Remaining true to the Paisley Book Festival’s commitment to what can perhaps be described as dystopian science fiction, Vikki Reilly talked with Ever Dundas and Tendai Huchu about the hidden worlds they have constructed. Under discussion is Ever’s second novel Hell Sans and Tendai’s second novel in his Edinburgh Night Series, Our Lady of Mysterious Ailments.

Both Ever and Tendai’s novels are political dystopias. They have in common a wide range of themes, but the novels differ in important ways.

Ever’s Hidden World is a dystopian near future in which the universal type face is called Hell Sans, a state-imposed and ruthlessly policed font in which everything is presented. Hell Sans makes the majority of the population feel blissful elation, while a minority are allergic to it. Bursting with allegory, Eva’s book is a critique of modern capitalist society in which the very things of the world make people sick. It is neither anti- technology, nor is it pro-tech, since, Eva says, these sharp binaries would make no sense. Technology, like the mobile phone in today’s society, has both a range of benefits, while at the same time being intrusive, manipulative and a form of constant surveillance. The technologies that abound in Ever’s book are no different, representing both life-affirming utility as well as pernicious forms of social and political control.

The ideas Ever draws upon come from her life as a disabled person living in the UK under successive Tory Governments, a deep disdain for whom she makes no attempt to disguise.

Tendai’s book is based on a dystopian near future Scotland, but differs in a number of ways. His world, riven by the levels of inequality that arise from augmented social hierarchy, is also allegorical of contemporary capitalism. Tendai states that humans are pre-programmed to crave hierarchies. If we dismantle one hierarchy, we immediately construct another. The technological innovations that make life easier and bestow social capital or social stigma, are lopsided in their distribution. In Tendai’s Scotland of the near future, electric cars sit side by side with horse drawn carts, and like Ever’s novel, the economic means through which people can ameliorate societal problems are unevenly distributed. Meritocracy is rendered obsolete. If someone is struggling at school, and if they can afford it, they can buy extra tuition and gain an unfair advantage. “If you are poor you are screwed”, Tendai claims. He likens this to the fact that in Ever’s novel, those who were allergic to the Hell Sans font, were largely denied access to health care and thus doubly disadvantaged. Intersectionality becomes a means through which the production and reproduction of the processes of oppression are imposed and maintained.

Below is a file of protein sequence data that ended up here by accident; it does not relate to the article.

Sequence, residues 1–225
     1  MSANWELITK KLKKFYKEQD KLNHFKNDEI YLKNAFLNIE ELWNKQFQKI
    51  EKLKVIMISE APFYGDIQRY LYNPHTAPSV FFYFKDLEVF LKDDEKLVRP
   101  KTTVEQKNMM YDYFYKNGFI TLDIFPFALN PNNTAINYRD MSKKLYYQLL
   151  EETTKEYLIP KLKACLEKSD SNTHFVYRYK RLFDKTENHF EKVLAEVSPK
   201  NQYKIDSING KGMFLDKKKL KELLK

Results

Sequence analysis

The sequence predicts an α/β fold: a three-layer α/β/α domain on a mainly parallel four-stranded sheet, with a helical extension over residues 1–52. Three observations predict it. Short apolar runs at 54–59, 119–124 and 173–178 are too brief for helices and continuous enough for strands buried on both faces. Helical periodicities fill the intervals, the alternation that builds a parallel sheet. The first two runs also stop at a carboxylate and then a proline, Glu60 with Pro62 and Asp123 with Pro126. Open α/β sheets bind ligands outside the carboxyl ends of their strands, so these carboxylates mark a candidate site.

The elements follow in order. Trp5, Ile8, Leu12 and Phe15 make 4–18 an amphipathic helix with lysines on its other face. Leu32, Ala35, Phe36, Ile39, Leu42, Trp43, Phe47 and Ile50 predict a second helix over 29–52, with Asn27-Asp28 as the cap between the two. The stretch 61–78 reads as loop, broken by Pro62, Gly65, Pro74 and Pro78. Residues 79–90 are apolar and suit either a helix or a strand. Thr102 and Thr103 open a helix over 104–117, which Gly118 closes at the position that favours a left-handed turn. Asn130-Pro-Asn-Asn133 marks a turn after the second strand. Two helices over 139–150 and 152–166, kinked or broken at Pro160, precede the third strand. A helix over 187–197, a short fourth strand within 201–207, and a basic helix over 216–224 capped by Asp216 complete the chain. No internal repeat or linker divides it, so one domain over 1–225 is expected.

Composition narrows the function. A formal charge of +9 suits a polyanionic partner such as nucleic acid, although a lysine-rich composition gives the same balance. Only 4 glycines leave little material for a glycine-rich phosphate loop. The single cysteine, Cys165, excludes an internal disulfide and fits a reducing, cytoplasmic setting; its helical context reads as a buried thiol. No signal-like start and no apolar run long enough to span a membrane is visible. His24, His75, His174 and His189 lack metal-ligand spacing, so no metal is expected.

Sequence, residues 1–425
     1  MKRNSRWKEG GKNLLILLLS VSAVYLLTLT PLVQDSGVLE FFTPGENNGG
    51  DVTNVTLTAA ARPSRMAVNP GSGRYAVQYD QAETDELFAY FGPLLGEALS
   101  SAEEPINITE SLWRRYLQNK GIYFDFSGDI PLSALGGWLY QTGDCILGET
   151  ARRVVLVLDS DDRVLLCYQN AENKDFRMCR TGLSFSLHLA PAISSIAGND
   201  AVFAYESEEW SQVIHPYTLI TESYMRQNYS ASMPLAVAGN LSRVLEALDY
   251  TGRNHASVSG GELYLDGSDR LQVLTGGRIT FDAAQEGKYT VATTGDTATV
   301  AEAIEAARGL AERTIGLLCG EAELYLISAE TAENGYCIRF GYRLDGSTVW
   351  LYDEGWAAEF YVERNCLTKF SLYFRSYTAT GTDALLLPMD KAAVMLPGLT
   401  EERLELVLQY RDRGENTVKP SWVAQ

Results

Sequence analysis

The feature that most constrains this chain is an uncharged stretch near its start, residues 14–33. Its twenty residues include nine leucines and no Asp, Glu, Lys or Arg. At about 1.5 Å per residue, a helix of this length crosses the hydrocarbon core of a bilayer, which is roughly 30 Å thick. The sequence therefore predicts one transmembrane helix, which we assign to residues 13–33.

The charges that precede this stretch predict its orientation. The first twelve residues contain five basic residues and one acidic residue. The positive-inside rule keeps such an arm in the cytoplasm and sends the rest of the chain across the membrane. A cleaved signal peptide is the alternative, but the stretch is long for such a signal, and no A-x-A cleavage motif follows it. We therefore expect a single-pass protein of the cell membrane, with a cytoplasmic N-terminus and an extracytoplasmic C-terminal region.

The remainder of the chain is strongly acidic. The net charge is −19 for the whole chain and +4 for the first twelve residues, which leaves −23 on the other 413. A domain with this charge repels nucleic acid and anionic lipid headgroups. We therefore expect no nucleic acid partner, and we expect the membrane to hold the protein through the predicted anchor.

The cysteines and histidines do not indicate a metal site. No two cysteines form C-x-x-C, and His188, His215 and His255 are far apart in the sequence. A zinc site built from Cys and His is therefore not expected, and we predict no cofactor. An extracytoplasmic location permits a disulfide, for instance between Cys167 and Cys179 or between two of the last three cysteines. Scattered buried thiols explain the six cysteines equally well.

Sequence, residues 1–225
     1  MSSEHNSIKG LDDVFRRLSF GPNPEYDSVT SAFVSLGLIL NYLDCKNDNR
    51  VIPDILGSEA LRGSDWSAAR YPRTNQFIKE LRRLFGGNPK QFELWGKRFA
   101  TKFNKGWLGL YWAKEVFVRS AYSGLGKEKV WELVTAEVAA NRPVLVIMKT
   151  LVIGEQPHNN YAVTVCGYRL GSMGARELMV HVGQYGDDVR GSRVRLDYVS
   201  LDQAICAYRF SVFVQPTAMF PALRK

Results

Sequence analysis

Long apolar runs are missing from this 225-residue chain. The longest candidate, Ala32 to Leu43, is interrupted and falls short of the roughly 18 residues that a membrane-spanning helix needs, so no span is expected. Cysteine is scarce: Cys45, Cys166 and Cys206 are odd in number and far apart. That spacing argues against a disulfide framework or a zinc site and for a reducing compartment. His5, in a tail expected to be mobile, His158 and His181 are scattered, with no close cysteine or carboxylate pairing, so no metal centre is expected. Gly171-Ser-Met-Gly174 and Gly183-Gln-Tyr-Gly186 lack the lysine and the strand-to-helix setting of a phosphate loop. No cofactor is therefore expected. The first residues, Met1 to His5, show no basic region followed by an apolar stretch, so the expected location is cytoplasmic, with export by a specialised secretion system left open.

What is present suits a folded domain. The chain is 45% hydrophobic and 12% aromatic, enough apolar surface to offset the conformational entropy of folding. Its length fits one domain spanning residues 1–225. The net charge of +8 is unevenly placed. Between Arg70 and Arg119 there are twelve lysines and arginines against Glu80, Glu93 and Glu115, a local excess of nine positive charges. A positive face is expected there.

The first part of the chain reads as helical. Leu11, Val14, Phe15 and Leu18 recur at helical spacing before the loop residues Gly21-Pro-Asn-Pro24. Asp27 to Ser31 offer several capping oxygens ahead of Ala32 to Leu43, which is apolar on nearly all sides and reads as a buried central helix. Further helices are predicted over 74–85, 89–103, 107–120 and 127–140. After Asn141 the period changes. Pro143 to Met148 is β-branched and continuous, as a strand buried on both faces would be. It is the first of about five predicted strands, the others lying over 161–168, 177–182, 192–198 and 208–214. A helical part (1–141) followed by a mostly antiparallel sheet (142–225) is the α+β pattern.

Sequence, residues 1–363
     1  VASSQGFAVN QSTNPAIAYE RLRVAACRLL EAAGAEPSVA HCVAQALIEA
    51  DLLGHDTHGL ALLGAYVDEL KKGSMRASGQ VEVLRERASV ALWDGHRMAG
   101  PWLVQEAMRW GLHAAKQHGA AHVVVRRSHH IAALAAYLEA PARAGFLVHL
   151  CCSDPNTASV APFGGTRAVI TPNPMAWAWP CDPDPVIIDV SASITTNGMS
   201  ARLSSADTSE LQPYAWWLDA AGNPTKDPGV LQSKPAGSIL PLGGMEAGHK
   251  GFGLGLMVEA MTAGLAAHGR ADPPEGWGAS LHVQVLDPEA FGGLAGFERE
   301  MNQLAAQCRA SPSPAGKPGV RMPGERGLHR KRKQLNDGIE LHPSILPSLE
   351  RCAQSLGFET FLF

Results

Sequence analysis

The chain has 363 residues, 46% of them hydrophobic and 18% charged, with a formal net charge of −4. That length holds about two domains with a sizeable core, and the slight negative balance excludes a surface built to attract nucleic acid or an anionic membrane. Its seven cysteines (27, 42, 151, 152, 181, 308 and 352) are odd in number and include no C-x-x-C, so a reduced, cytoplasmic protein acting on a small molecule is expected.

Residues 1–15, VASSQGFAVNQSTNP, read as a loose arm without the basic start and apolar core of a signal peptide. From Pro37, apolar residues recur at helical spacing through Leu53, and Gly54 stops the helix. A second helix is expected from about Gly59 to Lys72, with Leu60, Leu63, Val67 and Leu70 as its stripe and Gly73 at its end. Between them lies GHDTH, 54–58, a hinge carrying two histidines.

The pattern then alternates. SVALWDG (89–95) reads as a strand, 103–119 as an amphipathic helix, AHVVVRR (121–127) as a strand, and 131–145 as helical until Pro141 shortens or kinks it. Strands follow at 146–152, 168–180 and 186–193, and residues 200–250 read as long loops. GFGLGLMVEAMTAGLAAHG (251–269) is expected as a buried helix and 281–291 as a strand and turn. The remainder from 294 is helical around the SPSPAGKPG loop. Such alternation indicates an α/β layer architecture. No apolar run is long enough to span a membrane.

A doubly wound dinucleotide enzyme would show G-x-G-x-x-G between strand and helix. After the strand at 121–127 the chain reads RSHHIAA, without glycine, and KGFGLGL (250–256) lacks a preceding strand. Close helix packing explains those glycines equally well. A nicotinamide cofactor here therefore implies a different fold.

This type of dystopian fiction has been a regular feature at the Paisley Book Festival and will continue to be so. However, as inequalities continue to widen, political powerlessness and apathy become normalised, and the concept of perpetual crisis becomes embedded in our prevailing doxa, the work of the dystopian science fiction writer gets incrementally more challenging. In a social and political system, where total surveillance is inescapable and every aspect of life, both pleasurable and painful, are monitored and monetised, the dystopian science fiction writer must constantly innovate.

These two writers have not only stepped up to the mark, they have triumphantly crossed the line. Ingenuity in story telling techniques as well as new and innovative literary devices abound in the craft of these two authors. These cannot be convened in a review. The only way to find out is to read Ever’s Hell Sans and Tendai’s Our Lady of Mysterious Ailments, an undertaking I cannot recommend highly enough.